2 rounded tablespoons plain flour
salt and freshly milled black pepper

*You will also need a flameproof roasting tin measuring 10 x 14 inches (25.5 x 35 cm), 2 inches (5 cm) deep.

Apple, Sage and Onion Stuffing

If you have a food processor, making stuffing is a doddle: all you do is switch the motor on, add the pieces of bread and process to crumbs, then add the parsley, sage, apple and onion quarters and process till everything is finely chopped. Next trim any sinewy bits from the chicken livers, rinse under cold water, pat them dry, then add them, together with the sausage meat, mace and seasoning. Give a few pulses in the processor until it is all thoroughly blended, remove the stuffing from the processor with a spatula, then place in a polythene bag and store in the fridge until it is required. If you’re doing this by hand, just finely chop all the ingredients, combine in a bowl and refrigerate as above.

Roast Chicken

Pre-heat the oven to gas mark 5, 375°F (190°C).

First of all the chicken needs to be stuffed, and to do this you begin at the neck end, where you’ll find a flap of loose skin: gently loosen this away from the breast and you’ll be able to make a triangular pocket. Pack about two-thirds of the stuffing inside, as far as you can go, and make a neat round shape on the outside, then tuck the neck flap under the bird’s back and secure it with a small skewer or cocktail stick. Take the remaining stuffing and place it in the body cavity (the fat in the pork will melt and help to keep the bird moist inside). Now place the chicken in the roasting tin and smear the butter over the chicken using your hands and making sure you don’t leave any part of the surface unbuttered.

Season the chicken all over with salt and black pepper, then arrange 7 slices of the bacon, slightly overlapping, in a row along the breast. Cut the last rasher in half and place one piece on each leg. I like to leave the rind on the bacon for extra flavour, but you can remove it if you prefer.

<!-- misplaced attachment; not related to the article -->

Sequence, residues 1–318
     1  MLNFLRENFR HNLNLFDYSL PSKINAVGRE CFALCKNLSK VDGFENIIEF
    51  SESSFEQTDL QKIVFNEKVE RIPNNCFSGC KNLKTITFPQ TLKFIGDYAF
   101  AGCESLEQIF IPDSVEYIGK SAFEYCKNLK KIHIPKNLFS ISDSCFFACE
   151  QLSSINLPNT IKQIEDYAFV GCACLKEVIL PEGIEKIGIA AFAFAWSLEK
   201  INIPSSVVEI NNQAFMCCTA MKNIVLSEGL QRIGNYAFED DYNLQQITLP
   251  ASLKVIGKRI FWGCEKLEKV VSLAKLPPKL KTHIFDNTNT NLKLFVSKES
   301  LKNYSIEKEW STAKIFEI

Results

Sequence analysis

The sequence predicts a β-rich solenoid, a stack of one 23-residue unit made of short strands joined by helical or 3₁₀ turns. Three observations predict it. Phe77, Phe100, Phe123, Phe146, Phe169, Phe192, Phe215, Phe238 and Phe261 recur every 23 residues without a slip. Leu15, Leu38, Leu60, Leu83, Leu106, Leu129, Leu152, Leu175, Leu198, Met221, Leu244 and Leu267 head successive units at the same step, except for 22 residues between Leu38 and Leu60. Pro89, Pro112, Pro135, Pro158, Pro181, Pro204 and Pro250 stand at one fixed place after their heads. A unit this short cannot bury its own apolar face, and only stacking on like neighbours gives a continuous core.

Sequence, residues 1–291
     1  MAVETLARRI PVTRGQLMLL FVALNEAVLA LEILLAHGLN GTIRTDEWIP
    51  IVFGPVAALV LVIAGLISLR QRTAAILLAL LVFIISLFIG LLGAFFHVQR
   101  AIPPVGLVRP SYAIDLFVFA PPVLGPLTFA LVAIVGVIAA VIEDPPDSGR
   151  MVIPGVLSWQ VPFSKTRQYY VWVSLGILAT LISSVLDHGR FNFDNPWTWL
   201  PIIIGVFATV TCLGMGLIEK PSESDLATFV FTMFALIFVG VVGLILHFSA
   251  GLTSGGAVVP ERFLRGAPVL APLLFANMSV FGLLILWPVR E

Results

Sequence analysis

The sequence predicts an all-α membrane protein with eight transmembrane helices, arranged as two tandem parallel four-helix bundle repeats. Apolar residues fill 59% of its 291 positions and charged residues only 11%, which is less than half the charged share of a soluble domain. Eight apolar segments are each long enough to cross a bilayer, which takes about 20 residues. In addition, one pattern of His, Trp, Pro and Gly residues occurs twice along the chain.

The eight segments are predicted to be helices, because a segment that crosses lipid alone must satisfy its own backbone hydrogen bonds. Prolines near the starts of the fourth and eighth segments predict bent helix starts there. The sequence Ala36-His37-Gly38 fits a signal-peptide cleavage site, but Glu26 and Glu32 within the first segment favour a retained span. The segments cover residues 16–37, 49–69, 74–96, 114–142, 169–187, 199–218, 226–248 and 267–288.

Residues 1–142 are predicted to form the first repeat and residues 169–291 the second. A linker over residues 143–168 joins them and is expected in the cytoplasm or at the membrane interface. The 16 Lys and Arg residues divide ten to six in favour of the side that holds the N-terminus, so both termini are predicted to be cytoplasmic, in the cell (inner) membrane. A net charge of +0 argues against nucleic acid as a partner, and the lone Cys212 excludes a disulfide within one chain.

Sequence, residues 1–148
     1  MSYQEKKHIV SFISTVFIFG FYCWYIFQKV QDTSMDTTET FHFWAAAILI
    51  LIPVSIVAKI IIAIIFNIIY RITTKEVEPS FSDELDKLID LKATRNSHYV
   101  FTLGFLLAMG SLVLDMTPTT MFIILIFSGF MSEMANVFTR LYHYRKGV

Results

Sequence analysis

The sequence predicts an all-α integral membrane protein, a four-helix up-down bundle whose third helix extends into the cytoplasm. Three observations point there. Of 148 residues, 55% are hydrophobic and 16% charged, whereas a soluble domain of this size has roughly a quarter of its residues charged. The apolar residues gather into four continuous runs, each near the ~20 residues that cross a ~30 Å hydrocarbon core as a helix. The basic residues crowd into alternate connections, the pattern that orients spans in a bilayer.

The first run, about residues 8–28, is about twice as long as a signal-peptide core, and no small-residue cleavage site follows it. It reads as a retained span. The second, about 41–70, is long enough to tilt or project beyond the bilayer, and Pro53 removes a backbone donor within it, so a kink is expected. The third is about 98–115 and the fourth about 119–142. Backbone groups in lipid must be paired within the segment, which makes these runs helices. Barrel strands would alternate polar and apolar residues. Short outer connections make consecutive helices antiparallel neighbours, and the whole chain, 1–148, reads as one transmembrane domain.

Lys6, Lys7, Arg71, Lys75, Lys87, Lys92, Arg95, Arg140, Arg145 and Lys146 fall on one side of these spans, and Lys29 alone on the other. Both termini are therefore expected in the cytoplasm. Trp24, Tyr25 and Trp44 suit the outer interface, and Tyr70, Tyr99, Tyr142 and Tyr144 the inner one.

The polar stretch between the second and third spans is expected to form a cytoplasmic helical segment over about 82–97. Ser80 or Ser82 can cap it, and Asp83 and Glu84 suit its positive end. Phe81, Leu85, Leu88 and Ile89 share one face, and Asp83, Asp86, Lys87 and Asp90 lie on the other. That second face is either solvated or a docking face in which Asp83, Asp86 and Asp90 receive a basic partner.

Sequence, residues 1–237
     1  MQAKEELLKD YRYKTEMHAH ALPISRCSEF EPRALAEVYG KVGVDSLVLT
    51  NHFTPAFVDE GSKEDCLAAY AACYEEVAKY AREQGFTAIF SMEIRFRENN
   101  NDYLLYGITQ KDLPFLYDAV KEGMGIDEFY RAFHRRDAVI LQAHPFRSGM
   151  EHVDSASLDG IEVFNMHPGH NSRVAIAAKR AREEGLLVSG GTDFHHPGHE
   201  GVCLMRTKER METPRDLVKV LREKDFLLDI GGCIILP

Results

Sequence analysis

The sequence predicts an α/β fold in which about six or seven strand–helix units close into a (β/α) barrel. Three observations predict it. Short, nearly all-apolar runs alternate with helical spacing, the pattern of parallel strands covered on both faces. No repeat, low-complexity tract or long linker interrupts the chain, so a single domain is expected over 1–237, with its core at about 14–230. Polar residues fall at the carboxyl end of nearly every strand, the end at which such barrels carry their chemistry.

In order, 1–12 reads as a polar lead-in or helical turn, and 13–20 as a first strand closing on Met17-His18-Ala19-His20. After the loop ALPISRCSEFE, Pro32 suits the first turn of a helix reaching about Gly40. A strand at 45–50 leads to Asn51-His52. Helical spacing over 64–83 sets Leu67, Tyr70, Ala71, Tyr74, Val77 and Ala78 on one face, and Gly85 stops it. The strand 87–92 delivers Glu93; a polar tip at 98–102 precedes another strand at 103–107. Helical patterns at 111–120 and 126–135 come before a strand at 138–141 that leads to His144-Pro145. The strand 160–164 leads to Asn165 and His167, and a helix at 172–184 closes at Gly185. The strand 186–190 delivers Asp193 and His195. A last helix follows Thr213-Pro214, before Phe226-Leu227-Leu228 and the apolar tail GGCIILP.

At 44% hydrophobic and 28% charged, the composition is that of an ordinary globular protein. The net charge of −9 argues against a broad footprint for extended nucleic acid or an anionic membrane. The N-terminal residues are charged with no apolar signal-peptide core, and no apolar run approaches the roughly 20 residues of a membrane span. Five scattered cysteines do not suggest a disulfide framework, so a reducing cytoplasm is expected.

Place the chicken in the oven on the centre shelf and cook for 20 minutes per lb (450 g), plus 10-20 minutes extra – this will be 1 hour and 50 minutes to 2 hours for a 5 lb (2.25 kg) bird, or 2 hours 10 minutes to 2 hours 20 minutes for a 6 lb (2.7 kg) bird. The chicken is cooked if the juices run clear when the thickest part of the leg is pierced with a skewer. It is important to baste the chicken at least 3 times during the cooking – spooning over the juices mingling with the bacon fat and butter helps to keep the flesh succulent.

During the last basting (about half an hour before the chicken is cooked), remove the now-crisp bacon slices and keep them warm. If they are not crisp, just leave them around the chicken to finish off. For the final 15
minutes of cooking, hike the heat up to gas mark 7, 425°F (220°C), which will give the skin that final golden crispiness.

When the chicken is cooked it is important to leave it in the warm kitchen (near the oven), covered in foil, for 30 minutes, which will allow it to relax. This is because when the chicken is cooking all the juices bubble up to the surface (if you look inside the oven you will actually see this happening just under the skin), and what relaxing does is allow time for all these precious juices to seep back into the flesh. It also makes it much easier to carve. When you serve the chicken, make sure everyone gets some crispy bacon and stuffing. Serve with the Chicken Giblet Gravy and Cranberry and Sage Sauce.

For the Chicken-Giblet Gravy

Simply place the giblets, 11/2 pints (850 ml) water, carrot, onion, herbs, peppercorns and salt in a medium-sized saucepan and simmer very gently with the lid almost on for 2 hours. Then strain this stock into a jug and cool and chill in the fridge. Any fat on the surface is easily removed when cold. To make the gravy, after removing the chicken from the roasting tin, tilt the tin and remove most of the fat, which you will see separates quite clearly from the juices – you need to leave about 2 tablespoons of fat behind. Now place the roasting tin over direct heat turned to fairly low, and when the juices begin to sizzle, sprinkle in the plain flour, stirring vigorously till you get a smooth paste, then add the giblet stock, little by little, exchanging the wooden spoon for a whisk. Whisk thoroughly until all the stock is incorporated, bring the whole lot up to simmering point, then taste and season with salt and freshly milled black pepper.

For the Cranberry and Sage Sauce

All you do here is combine everything in a small saucepan and whisk over a gentle heat until the cranberry jelly has melted. Then pour the sauce into a serving jug and leave till needed (it doesn’t need re-heating – it’s served at room temperature). Although I love to serve this sauce in summer, in winter my favorite accompaniment is Traditional Bread Sauce.